Antiinterleukin-5 antibody prevents airway hyperresponsiveness in a murine model of airway sensitization

Am J Respir Crit Care Med. 1997 Mar;155(3):819-25. doi: 10.1164/ajrccm.155.3.9117011.


Eosinophils play a central role in the inflammatory response associated with bronchial asthma. We studied the involvement of eosinophils in the development of airway hyperresponsiveness (AHR) in a mouse model of allergic airway sensitization. Sensitization of BALB/c mice to OVA via the airways induced allergen-specific T-cell responses, IgE production, immediate cutaneous hypersensitivity (ICH), and increased airway reactivity. Airway sensitization was associated with eosinophil infiltration of the airways and increased production of interleukin-5 (IL-5) in cultures of peribronchial lymph node cells. Treatment of OVA-challenged animals with anti-IL-5 antibody during the sensitization protocol completely abolished the infiltration of eosinophils into the lung tissue and prevented the development of AHR without affecting levels of allergen-specific IgE, cutaneous hypersensitivity and allergen-specific T cell responses. These findings demonstrate that infiltration of lung tissue by eosinophils, triggered by increased IL-5 production, is a major factor in the development of AHR in this mouse model of airway sensitization.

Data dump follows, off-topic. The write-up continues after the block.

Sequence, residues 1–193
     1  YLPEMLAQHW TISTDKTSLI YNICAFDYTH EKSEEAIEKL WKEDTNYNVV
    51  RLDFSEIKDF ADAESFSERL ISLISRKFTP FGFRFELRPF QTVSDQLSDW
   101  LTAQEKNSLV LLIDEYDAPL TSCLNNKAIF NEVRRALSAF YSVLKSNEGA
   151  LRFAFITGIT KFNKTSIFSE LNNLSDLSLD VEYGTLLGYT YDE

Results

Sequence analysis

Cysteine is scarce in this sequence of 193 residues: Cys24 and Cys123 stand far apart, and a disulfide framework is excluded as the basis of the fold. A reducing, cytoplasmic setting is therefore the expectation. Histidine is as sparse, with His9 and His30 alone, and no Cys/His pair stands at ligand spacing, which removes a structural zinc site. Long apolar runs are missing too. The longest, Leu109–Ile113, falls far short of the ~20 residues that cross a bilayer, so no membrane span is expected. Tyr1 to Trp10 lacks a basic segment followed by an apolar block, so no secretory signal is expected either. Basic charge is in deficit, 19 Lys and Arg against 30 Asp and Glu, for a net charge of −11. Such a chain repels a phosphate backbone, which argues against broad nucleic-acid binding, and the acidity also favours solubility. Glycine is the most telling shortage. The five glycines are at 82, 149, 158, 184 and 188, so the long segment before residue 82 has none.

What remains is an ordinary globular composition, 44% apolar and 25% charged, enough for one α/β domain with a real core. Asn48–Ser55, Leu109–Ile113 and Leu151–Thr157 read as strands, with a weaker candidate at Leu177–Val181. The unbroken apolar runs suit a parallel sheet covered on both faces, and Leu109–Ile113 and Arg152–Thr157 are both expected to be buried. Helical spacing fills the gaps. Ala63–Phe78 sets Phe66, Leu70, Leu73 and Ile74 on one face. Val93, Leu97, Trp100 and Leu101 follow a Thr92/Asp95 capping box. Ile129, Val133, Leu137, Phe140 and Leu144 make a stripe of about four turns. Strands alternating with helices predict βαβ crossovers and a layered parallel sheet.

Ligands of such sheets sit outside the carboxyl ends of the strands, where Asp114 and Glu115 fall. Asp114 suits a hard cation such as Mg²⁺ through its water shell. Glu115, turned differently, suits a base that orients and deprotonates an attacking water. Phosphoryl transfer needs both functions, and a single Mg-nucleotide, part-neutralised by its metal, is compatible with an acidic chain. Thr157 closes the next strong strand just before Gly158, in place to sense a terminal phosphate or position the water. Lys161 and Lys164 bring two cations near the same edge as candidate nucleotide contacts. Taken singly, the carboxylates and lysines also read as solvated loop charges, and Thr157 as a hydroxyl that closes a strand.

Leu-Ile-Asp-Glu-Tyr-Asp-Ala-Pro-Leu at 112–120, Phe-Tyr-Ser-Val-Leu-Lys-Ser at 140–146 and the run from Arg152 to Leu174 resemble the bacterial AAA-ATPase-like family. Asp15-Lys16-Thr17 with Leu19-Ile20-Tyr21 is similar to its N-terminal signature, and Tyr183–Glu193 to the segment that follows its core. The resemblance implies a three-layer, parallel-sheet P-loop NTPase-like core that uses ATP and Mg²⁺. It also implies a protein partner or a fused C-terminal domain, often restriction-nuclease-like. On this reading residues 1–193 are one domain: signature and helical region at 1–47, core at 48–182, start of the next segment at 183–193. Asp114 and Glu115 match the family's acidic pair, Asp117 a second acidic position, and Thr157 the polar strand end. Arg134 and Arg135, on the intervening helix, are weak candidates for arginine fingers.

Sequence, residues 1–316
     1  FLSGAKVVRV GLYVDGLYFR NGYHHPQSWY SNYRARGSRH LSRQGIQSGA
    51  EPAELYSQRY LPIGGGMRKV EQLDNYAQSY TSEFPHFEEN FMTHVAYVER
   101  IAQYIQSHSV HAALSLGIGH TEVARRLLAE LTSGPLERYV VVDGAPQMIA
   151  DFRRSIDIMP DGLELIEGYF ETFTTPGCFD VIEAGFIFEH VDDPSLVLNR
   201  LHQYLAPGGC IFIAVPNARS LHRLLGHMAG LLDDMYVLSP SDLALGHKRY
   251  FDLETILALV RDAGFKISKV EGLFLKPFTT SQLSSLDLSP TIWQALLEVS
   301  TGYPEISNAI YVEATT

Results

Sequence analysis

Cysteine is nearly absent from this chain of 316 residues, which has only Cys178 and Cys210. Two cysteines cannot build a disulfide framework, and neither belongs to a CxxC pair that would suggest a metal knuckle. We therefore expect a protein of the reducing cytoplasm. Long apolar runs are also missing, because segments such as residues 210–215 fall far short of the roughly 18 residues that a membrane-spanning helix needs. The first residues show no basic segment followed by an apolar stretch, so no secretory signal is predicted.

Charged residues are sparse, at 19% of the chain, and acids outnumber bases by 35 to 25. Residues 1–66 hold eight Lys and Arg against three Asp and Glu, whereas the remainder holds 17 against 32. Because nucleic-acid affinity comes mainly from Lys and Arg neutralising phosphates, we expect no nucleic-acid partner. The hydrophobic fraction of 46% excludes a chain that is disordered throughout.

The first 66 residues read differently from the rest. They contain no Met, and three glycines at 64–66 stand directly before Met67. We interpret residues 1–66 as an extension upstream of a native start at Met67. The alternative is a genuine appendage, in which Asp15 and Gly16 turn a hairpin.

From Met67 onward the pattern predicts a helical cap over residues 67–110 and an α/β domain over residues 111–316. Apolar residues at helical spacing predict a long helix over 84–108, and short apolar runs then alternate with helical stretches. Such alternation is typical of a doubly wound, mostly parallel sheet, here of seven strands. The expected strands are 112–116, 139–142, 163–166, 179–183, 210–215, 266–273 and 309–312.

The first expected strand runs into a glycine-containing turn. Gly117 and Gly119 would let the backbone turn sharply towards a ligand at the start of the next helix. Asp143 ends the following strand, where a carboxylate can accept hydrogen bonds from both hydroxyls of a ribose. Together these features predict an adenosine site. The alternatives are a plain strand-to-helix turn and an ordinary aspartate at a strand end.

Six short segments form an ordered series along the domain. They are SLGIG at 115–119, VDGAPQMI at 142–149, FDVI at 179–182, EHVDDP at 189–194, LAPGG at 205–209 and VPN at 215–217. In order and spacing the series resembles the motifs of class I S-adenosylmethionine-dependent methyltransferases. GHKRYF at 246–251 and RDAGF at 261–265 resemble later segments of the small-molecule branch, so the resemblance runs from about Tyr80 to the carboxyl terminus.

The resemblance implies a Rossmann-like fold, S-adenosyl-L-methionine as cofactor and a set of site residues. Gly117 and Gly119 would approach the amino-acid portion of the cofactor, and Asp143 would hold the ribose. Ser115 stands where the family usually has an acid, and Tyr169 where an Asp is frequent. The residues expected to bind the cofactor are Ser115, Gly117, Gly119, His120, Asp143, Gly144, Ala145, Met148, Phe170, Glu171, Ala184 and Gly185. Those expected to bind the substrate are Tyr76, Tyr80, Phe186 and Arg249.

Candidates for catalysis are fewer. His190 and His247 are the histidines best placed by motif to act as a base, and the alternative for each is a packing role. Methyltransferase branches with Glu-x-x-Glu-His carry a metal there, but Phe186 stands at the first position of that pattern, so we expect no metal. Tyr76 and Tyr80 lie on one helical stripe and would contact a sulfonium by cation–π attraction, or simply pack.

Publication types

  • Research Support, Non-U.S. Gov't
  • Research Support, U.S. Gov't, P.H.S.

MeSH terms

  • Animals
  • Cells, Cultured
  • Disease Models, Animal
  • Eosinophils / immunology*
  • Female
  • Immunization
  • Interleukin-4 / immunology*
  • Interleukin-5 / immunology*
  • Leukocyte Count
  • Lung / immunology
  • Lung / pathology
  • Mice
  • Mice, Inbred BALB C
  • Ovalbumin / immunology
  • Respiratory Hypersensitivity / immunology*


  • Interleukin-5
  • Interleukin-4
  • Ovalbumin